Detrimental effects of microplastic exposure on normal and asthmatic pulmonary physiology
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AbstractConcerns that airborne microplastics (MP) may be detrimental to human health are rising. However, research on the effects of MP on the respiratory system are limited. We tested the effect of MP exposure on both normal and asthmatic pulmonary physiology in mice. We show that MP exposure caused pulmonary inflammatory cell infiltration, bronchoalveolar macrophage aggregation, increased TNF-α level in bronchoalveolar lavage fluid (BALF), and increased plasma IgG1 production in normal mice. MP exposure also affected asthma symptoms by increasing mucus production and inflammatory cell infiltration with notable macrophage aggregation. Further, we found co-labeling of macrophage markers with MP incorporating fluorescence, which indicates phagocytosis of the MP by macrophages. A comparative transcriptomic analysis showed that MP exposure altered clusters of genes related to immune response, cellular stress response, and programmed cell death. A bioinformatics analysis further uncovered the molecular mechanism whereby MP stimulated production of tumor necrosis factor and immunoglobulins to activate a group of transmembrane B-cell antigens, leading to the modulation of cellular stress and programmed cell death in the asthma model. In summary, we show that MP exposure had detrimental effects on the respiratory system in both healthy and asthmatic mice, which calls for urgent discourse and action to mitigate environmental microplastic pollutants.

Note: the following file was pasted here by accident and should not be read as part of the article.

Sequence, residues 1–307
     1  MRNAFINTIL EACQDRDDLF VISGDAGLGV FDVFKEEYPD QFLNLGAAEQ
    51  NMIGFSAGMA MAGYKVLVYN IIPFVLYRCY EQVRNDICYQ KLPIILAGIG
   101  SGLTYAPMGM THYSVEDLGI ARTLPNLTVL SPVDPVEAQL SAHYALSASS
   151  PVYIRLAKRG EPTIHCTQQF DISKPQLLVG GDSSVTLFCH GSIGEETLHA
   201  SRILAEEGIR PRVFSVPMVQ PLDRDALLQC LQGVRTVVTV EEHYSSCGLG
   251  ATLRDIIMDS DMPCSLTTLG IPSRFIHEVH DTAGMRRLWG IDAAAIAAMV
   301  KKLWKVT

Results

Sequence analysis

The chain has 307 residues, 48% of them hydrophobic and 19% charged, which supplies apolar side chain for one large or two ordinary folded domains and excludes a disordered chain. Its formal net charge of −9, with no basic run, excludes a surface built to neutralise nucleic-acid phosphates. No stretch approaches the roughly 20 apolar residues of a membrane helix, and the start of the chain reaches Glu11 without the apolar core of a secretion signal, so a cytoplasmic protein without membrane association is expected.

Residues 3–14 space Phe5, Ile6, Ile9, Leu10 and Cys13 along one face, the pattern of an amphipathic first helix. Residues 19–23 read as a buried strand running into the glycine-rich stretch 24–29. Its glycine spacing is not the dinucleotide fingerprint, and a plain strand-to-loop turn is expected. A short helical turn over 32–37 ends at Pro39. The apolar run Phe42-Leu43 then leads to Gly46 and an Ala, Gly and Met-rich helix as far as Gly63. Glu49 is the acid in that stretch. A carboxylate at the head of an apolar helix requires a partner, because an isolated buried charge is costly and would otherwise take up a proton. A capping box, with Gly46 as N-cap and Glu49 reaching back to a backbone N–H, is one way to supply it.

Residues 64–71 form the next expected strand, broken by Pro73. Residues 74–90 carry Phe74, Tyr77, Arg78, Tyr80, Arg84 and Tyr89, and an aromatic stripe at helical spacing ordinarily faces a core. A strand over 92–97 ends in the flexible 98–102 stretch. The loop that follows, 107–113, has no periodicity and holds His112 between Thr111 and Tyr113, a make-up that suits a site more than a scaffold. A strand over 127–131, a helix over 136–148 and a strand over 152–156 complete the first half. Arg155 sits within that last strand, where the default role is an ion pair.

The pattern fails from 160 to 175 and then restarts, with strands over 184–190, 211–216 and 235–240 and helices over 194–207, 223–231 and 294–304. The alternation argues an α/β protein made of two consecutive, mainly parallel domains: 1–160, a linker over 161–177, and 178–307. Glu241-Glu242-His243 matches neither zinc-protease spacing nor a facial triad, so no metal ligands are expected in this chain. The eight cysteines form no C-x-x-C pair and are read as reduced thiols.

All Author(s) ListKuo Lu, Keng Po Lai, Tobias Stoeger, Shuqin Ji, Ziyi Lin, Xiao Lin, Ting Fung Chan, James Kar-Hei Fang, Michael Lo, Liang Gao, Chen Qiu, Shanze Chen, Guobing Chen, Lei Li, Lingwei Wang
Journal nameJournal of Hazardous Materials
Volume Number416
Article number126069
LanguagesEnglish-United States

Last updated on 2021-13-10 at 23:59